Lord Elystan-Morgan: Does the Minister agree that there has been great success in co-operation between the United Kingdom and European forces? Can she assure the House that the same systems, under another name, will still prevail and be as efficient as previously?
Lord Elystan-Morgan: My Lords, does the Minister submit to the canard that the Church of England is sometimes seen as the Tory party at prayer?
Lord Elystan-Morgan: Would Her Majesty’s Government be prepared to publish a document setting out their best calculations on the effect of Brexit on life in the whole of Wales?
Lord Elystan-Morgan: He was an American.
Lord Elystan-Morgan: My Lords, on the prosecution of William Joyce, I do not believe that any reliance at all was placed on the Treason Act. The basis of the prosecution against him was that he had left this country holding a British passport and, as such, had relied on the guarantee of safety of this country. There was, therefore, a reciprocal duty on him, which led him of course to commit treason.
Lord Elystan-Morgan: Is not the Foreign Enlistment Act 1870 still extant? I think it is.
Lord Elystan-Morgan: Is there any prospect whatever that this nerve agent could have come to Salisbury other than from a state source, and does the finger of blame seem to point very clearly at the Russian state in this matter?
Lord Elystan-Morgan: My Lords, President Trump argued that there should be a formal ending to the Korean War, which actually came to an end with a ceasefire. That, of course, is a matter for the belligerents, of which the United Kingdom was one. Have there been any representations by President Trump to the British Government in respect of that matter?
Lord Elystan-Morgan: What discussions are the Government having with the devolved Administration in Cardiff as to the likely consequence for the land and nation of Wales of this massive development?
Lord Elystan-Morgan: My Lords, is there any reason why the ordinary law of the land should not apply here? Could not proof of the contents of a lost document be established by way of affidavit or statutory declaration?
Lord Elystan-Morgan: Fifty years ago, Parliament passed the Genocide Act. Unnatural modesty forbids me from mentioning the name of the person who piloted it through the House of Commons. How seriously do we take our obligations under that statute? Do we regard it as part of living law from day to day?
Lord Elystan-Morgan: Is it not the case that the responsibility of the landlord will depend to a large extent upon the lease or tenancy agreement and that these may vary considerably? In the circumstances, does the noble Lord not agree that there is a strong case for imposing a blanket statutory responsibility on landlords in this connection?
Lord Elystan-Morgan: Can the Minister assure the House that the Welsh language will be given full parity with the other languages of the United Kingdom in this matter?
Lord Elystan-Morgan: Have these matters been devolved to the various Administrations in Scotland, Wales and Northern Ireland and, if not, what discussions do the Government have in mind on these most impactive matters?
Lord Elystan-Morgan: Have Her Majesty’s Government given any consideration to a matter that I understand was raised about 15 years ago—granting dominion status to Gibraltar? Dominion status is so supple, varied and wide that it could legitimately and properly encompass the constitutional aspirations of Spain, the United Kingdom and the Gibraltarians themselves.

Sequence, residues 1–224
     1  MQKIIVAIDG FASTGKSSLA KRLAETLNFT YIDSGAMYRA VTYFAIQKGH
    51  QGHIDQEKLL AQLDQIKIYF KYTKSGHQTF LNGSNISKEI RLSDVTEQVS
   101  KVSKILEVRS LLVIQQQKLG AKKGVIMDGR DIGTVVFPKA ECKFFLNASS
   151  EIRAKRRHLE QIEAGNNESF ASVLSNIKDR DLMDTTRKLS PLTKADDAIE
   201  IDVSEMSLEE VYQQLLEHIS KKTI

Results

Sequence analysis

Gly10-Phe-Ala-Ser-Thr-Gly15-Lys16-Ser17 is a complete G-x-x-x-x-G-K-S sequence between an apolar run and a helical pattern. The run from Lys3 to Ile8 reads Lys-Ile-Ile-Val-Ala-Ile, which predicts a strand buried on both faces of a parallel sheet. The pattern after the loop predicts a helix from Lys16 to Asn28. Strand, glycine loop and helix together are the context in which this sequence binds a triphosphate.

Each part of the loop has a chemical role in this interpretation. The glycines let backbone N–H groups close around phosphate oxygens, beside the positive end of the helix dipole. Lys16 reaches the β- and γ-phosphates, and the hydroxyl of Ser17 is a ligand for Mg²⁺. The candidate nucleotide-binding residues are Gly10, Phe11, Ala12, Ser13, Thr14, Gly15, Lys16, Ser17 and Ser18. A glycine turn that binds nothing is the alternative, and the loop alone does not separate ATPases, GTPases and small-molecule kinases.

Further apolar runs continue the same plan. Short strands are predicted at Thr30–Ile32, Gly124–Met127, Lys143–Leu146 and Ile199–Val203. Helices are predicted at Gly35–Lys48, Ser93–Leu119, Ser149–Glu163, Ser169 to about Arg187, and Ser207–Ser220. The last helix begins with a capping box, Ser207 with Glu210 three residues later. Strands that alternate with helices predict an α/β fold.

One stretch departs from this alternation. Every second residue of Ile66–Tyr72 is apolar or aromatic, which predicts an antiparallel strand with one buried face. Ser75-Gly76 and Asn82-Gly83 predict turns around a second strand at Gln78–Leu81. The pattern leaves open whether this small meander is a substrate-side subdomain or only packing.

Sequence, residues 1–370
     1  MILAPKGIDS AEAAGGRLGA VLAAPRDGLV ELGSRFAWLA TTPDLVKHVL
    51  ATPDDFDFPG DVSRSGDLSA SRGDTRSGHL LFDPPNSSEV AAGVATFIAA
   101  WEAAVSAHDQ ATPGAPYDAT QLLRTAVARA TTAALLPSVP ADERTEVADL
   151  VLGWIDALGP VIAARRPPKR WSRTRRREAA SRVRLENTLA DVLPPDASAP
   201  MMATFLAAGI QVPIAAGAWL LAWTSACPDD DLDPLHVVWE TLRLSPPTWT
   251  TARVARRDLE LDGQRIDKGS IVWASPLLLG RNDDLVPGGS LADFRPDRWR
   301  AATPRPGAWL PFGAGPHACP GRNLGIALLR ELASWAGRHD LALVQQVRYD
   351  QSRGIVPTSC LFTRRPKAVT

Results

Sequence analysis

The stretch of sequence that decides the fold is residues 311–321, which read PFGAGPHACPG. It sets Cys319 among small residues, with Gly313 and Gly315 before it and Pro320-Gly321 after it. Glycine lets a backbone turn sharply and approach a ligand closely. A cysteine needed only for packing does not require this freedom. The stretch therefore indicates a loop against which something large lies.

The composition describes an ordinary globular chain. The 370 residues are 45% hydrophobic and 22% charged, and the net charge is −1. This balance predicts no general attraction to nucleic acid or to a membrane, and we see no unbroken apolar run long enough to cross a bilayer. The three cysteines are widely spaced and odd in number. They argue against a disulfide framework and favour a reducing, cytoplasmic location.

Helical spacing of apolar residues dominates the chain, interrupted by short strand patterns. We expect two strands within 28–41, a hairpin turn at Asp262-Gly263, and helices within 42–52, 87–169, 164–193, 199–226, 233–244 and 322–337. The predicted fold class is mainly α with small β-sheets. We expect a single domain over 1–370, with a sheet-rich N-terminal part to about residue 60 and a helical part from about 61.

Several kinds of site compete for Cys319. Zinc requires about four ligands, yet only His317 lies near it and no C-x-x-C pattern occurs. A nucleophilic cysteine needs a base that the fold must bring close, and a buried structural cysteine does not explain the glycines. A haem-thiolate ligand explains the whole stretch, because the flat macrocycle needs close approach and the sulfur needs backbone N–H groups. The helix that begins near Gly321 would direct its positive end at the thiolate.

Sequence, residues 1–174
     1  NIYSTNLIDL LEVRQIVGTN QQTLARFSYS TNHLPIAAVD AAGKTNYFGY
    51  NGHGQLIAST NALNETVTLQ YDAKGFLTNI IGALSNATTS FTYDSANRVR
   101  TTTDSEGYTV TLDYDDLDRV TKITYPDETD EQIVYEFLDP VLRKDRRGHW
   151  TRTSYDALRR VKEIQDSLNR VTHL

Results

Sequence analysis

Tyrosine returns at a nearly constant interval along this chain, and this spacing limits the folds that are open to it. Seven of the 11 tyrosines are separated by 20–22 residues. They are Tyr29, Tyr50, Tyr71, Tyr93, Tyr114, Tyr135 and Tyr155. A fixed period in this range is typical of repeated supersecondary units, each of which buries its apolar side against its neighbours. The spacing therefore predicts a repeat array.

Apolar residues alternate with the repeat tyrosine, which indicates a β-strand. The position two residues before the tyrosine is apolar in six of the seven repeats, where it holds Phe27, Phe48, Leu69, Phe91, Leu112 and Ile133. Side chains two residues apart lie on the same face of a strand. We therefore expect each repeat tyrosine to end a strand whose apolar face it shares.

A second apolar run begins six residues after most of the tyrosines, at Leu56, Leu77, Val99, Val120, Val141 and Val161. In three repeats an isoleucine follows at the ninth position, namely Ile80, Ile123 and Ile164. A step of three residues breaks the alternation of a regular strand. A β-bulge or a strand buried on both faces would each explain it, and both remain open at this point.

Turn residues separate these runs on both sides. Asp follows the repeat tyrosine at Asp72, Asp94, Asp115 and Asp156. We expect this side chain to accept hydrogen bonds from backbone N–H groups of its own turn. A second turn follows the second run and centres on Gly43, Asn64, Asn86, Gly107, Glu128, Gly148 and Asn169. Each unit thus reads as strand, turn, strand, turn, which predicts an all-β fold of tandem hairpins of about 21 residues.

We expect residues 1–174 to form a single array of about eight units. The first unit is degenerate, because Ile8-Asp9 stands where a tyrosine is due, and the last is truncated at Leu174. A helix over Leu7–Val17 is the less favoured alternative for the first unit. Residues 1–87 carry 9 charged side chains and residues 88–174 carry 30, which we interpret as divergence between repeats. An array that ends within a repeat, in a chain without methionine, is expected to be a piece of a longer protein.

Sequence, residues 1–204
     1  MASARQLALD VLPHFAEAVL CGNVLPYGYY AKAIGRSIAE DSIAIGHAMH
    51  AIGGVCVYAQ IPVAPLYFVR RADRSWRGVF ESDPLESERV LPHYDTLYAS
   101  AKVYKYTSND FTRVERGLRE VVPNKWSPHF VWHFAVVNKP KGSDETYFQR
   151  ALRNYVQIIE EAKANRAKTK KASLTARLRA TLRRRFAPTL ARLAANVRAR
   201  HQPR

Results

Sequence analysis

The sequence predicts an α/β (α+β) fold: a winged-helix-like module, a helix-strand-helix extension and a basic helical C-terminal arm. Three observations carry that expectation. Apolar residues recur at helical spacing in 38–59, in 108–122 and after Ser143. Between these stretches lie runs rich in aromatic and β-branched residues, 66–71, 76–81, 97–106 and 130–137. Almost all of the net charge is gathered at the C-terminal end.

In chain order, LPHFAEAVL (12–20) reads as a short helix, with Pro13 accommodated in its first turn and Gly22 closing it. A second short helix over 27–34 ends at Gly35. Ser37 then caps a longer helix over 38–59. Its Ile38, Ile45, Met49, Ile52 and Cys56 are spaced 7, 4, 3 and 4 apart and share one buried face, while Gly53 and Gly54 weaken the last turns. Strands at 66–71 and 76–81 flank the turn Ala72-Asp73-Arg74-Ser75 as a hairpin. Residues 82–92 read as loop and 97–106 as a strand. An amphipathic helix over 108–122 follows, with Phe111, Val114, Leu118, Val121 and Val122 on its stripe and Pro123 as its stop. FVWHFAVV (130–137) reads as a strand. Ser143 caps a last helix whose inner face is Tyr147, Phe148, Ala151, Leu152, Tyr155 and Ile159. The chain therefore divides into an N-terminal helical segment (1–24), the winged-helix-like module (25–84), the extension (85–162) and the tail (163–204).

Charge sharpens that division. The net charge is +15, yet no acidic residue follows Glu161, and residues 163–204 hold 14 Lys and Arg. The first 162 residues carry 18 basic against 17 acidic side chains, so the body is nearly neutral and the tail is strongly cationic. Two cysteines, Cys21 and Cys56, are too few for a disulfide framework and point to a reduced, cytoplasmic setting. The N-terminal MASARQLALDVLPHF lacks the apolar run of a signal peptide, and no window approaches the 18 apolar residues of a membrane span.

Lord Elystan-Morgan: I support and agree with everything that has been said. After all, devolution is not a dainty little sympathy; it is a fundamental right accepted as part of the constitutional inheritance of all the people of the United Kingdom. On that basis, the words spoken are the very heart of truth and common sense.
Lord Elystan-Morgan: My Lords, I respectfully agree with the sentiments articulated by the noble Lord. In relation to Wales, a totally new attitude has been taken toward reservations. The noble Lord, Lord Tyler, suggested that reservations were somewhat limited on the whole in devolution legislation. That is not so; in the Wales Act there are 197 separate reservations, believe it or not. Some are massive; some...
Lord Elystan-Morgan: My Lords, a point was made by several noble Lords as to a delay in the operation of Article 50. If I remember rightly, under Clause 2, there is a period of two years. Can that be invoked unilaterally or does it need the consent of all 27 other members? I would be most grateful if the Minister could reply. If not, I have no doubt that the noble Lord, Lord Kerr, will correct us.
Lord Elystan-Morgan: The contributions already made make it perfectly clear how fragile and in many respects how insubstantial is the basis of devolution as we know it. The sovereign Parliament of Westminster has created a sub-Parliament in respect of Scotland and Wales. The sovereign authority that created that Parliament can undo that Parliament any day that it wishes to do so. If it did so I have no doubt that...
Lord Elystan-Morgan: One is greatly tempted to look at this situation beyond the Tweed, as it were—but I will abjure that temptation now and, I hope, for ever. I have scars on my back already in relation to what has happened in Wales over the last few decades. I believe that in relation to these situations, one can draw a distinction between a convention and something else. A convention can be defined by...